As part of our non-conviction records project, we have researched what state laws provide on law enforcement agency access to and use of sealed or expunged non-conviction records for routine law enforcement purposes. This issue is particularly salient in light of an ongoing lawsuit against the New York Police Department in which a New York state court found that the NYPD’s routine use and disclosure of sealed arrest information—without securing a court order—violates New York’s sealing statute.
Looking across the country, we found an almost even split on this issue: exactly half the states either do not allow law enforcement access to sealed records for routine law enforcement activity, or condition law enforcement access on a court order (as in New York) or formal written request. Specifically, we identified 25 states and two territories that appear to limit law enforcement agency access to and/or use of non-conviction records, either absolutely (12 states and two territories), or without a court order (11 states) or formal written request to the state custodian of records for a specified purpose (two states). The other 25 states, plus two territories, the District of Columbia and the Federal system, exempt law enforcement agencies generally from sealing or expungement laws, or in a few cases have no law authorizing sealing of non-conviction records (American Samoa, the Federal system, and Wisconsin).
Note a couple of things about the way we conducted this research. First, our results apply only to records that do not result in a conviction (though in many states the answer is the same for records that do), and we classified them according to their apparent application to law enforcement operations (some states allow law enforcement agency access for employment and certification purposes). There are a handful of states that bar law enforcement agency access but allow access by prosecutors, both generally (NC) and in specific situations (AR, KS), and we classified these as barring law enforcement access, because the possibility of police access to records through prosecutors is not the kind of unregulated direct access at issue in the New York litigation.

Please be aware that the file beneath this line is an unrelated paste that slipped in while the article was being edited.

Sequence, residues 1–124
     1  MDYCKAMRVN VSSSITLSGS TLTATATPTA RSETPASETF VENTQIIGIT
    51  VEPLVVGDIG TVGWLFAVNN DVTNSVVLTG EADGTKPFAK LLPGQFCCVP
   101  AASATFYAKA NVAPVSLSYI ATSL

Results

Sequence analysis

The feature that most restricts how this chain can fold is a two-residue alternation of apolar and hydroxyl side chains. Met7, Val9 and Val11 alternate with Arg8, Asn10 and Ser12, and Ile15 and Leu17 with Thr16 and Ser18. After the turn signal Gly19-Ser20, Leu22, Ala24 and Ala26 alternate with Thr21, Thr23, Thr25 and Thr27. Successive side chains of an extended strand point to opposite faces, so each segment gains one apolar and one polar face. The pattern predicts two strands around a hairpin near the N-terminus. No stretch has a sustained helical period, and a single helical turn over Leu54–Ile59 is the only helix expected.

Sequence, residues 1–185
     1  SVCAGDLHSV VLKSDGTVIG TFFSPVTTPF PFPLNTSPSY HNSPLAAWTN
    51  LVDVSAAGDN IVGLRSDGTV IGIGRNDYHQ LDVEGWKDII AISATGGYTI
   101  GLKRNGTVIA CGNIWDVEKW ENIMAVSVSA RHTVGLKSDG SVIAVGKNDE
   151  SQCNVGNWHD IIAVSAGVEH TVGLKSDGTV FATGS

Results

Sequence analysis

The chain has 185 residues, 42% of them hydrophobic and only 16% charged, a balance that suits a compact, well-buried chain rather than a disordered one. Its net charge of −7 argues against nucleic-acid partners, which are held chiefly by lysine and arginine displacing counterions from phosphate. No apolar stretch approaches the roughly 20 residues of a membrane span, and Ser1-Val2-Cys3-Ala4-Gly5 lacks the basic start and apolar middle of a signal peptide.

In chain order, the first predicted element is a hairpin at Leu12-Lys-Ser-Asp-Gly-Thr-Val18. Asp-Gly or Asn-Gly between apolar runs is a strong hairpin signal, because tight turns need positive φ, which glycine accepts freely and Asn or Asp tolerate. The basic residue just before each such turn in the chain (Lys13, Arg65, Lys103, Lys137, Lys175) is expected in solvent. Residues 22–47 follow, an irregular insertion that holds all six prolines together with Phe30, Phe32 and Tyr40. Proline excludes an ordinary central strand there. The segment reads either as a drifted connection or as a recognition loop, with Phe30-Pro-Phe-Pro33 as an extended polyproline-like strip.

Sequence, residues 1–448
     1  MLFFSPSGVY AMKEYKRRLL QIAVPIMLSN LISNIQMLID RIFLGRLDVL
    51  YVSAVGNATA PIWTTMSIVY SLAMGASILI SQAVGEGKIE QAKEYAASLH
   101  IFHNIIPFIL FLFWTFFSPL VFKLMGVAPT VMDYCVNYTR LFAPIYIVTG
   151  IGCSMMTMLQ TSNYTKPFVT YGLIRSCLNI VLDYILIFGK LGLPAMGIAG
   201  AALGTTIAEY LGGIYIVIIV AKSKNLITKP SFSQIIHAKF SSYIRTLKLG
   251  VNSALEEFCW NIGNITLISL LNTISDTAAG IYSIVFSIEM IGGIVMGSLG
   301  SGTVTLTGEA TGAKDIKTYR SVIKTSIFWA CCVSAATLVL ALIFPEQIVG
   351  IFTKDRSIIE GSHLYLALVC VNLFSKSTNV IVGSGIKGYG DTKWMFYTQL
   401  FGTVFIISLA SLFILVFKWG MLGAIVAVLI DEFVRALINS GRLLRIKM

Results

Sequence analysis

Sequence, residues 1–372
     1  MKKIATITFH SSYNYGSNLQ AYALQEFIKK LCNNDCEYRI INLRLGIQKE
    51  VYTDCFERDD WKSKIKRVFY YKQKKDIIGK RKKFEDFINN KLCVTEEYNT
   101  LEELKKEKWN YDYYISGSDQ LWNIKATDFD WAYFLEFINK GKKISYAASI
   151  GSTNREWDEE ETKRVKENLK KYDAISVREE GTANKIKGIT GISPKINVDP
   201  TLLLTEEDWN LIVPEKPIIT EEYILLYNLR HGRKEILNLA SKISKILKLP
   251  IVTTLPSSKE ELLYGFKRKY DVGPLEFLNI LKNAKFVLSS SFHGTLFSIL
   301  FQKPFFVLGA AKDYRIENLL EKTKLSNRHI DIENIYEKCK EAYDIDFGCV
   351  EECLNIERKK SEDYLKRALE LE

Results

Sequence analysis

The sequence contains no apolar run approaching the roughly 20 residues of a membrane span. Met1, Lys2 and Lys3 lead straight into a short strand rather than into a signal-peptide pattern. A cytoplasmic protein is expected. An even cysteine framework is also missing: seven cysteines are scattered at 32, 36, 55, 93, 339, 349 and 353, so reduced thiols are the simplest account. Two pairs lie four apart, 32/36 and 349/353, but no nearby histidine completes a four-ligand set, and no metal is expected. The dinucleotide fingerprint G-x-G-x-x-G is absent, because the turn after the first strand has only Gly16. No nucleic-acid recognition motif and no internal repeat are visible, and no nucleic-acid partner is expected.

The second thing to note is that our results say nothing about how easy or hard it is to get a non-conviction record sealed or expunged, or who is eligible for this relief. For example, of the states whose laws bar access, New York offers sealing of non-conviction records right at disposition as a routine matter, with the burden on the prosecutor to show why sealing isn’t appropriate (and it is a high bar). Other states in the “no access” or “court order” categories (e.g. Virginia, Kentucky, West Virginia) require a defendant to file a separate civil petition after an eligibility waiting period, disqualify based on prior record, require a hearing at which the petitioner has the burden of showing why relief should be granted, and even impose civil filing fees.
Our classification tells a bit more about the scope or effect of sealing/expungement relief in each state more generally, since states that “delete” or “erase” non-conviction records are more likely to specifically bar law enforcement agency access than states that merely limit public access to the record. But even states that provide some public access (e.g., by licensing boards) may also bar access for law enforcement functions (e.g., KS). (Further information about the effect of sealing or expungement relief in each state may be found in the Restoration of Rights Project profiles.)
Our state-by-state research follows.